Having friends who are handy at slinging spanners is a definite plus as well, and there’s something of the old-timey adventure about the process of stalking through the to-do list; finding someone able to balance carbs isn’t as easy as it used to be, so this requires a little lateral thinking. And for the big stuff, Doug jumped in with both feet by buying a terminally rotten XR2, which can live on by donating all of its hard-to-find interior parts to the orange ’1988.
The chassis specs today are a lot closer to the way Ford intended, although it’s been upgraded where it counts to cope with the snorting fury of that old-school race motor; KYB dampers and lowering springs get the pepperpots tucked in snug, while an Orbital Motorsport adjustable Panhard rod keeps it honest. The XR2 gearbox has been rebuilt and treated to a Puma gear linkage and short-shift, and the engine was recently set up on the rolling road at Road & Race of Horley, yielding 120bhp thanks to its Kent CVH22 cam, big-bore exhaust system and twin Weber 40 DCNFs.
“I really just want to drive it as much as possible now,” Doug enthuses. “It does live in the garage but I don’t believe in SORN for the winter, I like to drive the car all year round. I’ve been at shows at Goodwood, and I’m a member of the XROC so I’ll be attending as many local meets as possible. To be honest, with a bright orange XR2 every fill-up at the petrol station is a mini car show! People always stop and talk about it. And I wasn’t planning on keeping it orange, but it’s really grown on me.”
It’s interesting how the XR2’s most visible characteristic has become its defining feature, and wrapped Doug up in its charms. He didn’t plan to buy an orange car, and then he didn’t intend to keep it that way, but the citrus hue is such an important part of the Fiesta’s personality. Its ultra-bright nature really helps it to stand out, and Doug’s been making all sorts of friends and contacts, both through the XROC and via Instagram (where he can be found at @orange_xr2). After all these years away from XR2s he’s jumped back in with both feet – his own interpretation of what the ultimate Fiesta should be. His teenage self would be very impressed.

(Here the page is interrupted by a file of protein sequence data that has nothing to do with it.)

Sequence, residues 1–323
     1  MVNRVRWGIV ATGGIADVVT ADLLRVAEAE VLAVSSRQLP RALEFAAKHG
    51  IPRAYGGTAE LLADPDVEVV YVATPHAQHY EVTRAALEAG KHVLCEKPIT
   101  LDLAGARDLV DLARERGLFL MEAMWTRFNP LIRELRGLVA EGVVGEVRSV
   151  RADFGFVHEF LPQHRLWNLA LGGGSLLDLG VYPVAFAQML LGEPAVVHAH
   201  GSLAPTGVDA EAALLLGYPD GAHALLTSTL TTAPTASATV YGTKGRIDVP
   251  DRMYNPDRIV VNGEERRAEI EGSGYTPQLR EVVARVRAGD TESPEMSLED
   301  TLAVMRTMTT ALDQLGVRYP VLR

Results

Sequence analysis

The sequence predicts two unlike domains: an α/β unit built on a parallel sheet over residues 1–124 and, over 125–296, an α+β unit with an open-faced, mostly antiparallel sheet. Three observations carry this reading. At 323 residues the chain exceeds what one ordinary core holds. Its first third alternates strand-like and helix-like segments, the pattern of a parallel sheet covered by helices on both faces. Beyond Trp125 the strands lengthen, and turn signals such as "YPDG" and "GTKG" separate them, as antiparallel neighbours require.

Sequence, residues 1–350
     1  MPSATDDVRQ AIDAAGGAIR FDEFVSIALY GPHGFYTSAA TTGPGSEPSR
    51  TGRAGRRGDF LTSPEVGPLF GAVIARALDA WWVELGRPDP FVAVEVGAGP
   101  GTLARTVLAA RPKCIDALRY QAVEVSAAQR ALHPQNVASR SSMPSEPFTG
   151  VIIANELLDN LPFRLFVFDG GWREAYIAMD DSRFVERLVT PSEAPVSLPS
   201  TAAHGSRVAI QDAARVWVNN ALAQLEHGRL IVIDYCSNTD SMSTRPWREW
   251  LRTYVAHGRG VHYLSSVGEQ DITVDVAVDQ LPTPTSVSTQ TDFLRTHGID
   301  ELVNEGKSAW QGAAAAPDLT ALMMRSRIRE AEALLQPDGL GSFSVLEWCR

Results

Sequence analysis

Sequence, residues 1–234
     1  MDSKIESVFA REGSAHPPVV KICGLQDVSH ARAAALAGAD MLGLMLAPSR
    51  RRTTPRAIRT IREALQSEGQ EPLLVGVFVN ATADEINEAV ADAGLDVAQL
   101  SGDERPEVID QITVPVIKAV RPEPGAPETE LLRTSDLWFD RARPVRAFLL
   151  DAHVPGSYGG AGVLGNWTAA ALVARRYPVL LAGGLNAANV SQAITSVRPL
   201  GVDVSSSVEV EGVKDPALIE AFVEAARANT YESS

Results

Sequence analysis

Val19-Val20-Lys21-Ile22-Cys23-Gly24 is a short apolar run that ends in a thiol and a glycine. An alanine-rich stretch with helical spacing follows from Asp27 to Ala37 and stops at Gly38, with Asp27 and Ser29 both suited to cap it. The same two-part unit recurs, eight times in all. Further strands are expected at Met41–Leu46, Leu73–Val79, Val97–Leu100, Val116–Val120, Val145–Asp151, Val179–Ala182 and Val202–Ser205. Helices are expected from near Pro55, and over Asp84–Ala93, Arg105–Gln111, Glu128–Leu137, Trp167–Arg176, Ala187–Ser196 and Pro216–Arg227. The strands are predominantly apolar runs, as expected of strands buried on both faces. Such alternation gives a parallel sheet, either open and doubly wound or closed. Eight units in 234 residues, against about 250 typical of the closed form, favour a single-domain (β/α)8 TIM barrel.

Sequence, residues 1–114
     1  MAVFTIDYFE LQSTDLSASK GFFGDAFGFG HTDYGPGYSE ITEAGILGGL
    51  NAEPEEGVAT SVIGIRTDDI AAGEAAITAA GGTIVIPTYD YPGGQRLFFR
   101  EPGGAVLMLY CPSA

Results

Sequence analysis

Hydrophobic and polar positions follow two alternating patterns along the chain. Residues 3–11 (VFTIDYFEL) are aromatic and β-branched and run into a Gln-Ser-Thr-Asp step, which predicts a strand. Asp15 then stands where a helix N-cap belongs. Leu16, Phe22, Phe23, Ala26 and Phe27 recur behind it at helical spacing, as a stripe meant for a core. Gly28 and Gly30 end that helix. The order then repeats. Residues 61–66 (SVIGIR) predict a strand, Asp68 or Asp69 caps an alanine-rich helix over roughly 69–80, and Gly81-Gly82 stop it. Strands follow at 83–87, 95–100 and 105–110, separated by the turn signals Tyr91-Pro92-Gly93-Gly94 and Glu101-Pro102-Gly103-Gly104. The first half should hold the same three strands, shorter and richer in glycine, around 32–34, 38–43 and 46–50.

- Body 1988 XR2, restored with new sills, passenger floor and battery tray.
- Paint: Vista Orange
- Engine 1.6-litre CVH, blueprinted XR Challenge engine, twin Weber 40 DCNF carburettors, Kent CVH22 cam with new Ford followers, Facet solid-state fuel pump, four-branch manifold, big-bore exhaust system, new fuel tank and lines.
- Max Power: 120bhp @ 5900rpm
- Max Torque: 112lb ft @ 3600rpm
- Transmission Rebuilt XR2 gearbox by ICR Motorsport, Puma gear linkage with Shane Baker custom mount / short-shift, new Shane Baker hubs and driveshafts
- Front: KYB uprated dampers, 35 mm lowering springs
- Rear: KYB dampers, 35 mm lowering springs, Orbital Motorsport adjustable Panhard rod, new rear beam
- Brakes New callipers, discs, pads, and lines, Mk1 Mondeo servo
- Wheels and tyres 6x13 inch XR2 pepperpots, 185/60R13 Toyo Proxes CF2 tyres
- Interior XR2 spec painted black, Ford 3000 radiocassette, boot-mounted Alpine powered subwoofer
- Thanks To Nick Kent, a friend of 42 years and still fixing my XR2s! J Eldridge Vehicle Services, Iain Cowie Racing, Shane Baker at SB Parts (www.facebook.com/ sbpartsuk), and the XR Owners’ Club (www.xroc.co.uk)
Ex-XR Challenge engine was originally rebuilt by Iain Cowie and really looks the part thanks to some careful detailing. Twin downdraught DCNFs now feed the 1600 CVH.Original cloth interior remains factory-fresh. XR2 rear window decal de rigueur in the late 1980s, still looks good now.
MEMORY LANE THE XR2’S COLOURFUL LIFE
Doug’s efforts to trace the XR2’s history yielded some interesting results. “It seems that it started life in Germany in 1988,” he says. “I assume it was owned by a member of the Forces, as a lot of 1980s cars were exported and re-imported at this time and enjoyed some good savings. It was then first registered back in the UK in 1989. The original paint was white, but it’s undergone three colour changes according to the online history I could find: from white it was painted grey, then black, and finally orange. The car spent most of its life in Scotland, and I found out where it was first restored and painted orange about 10 years ago. I’d love to know more, but it’s very hard to track old owners down these days — and this car has had 18 of them!”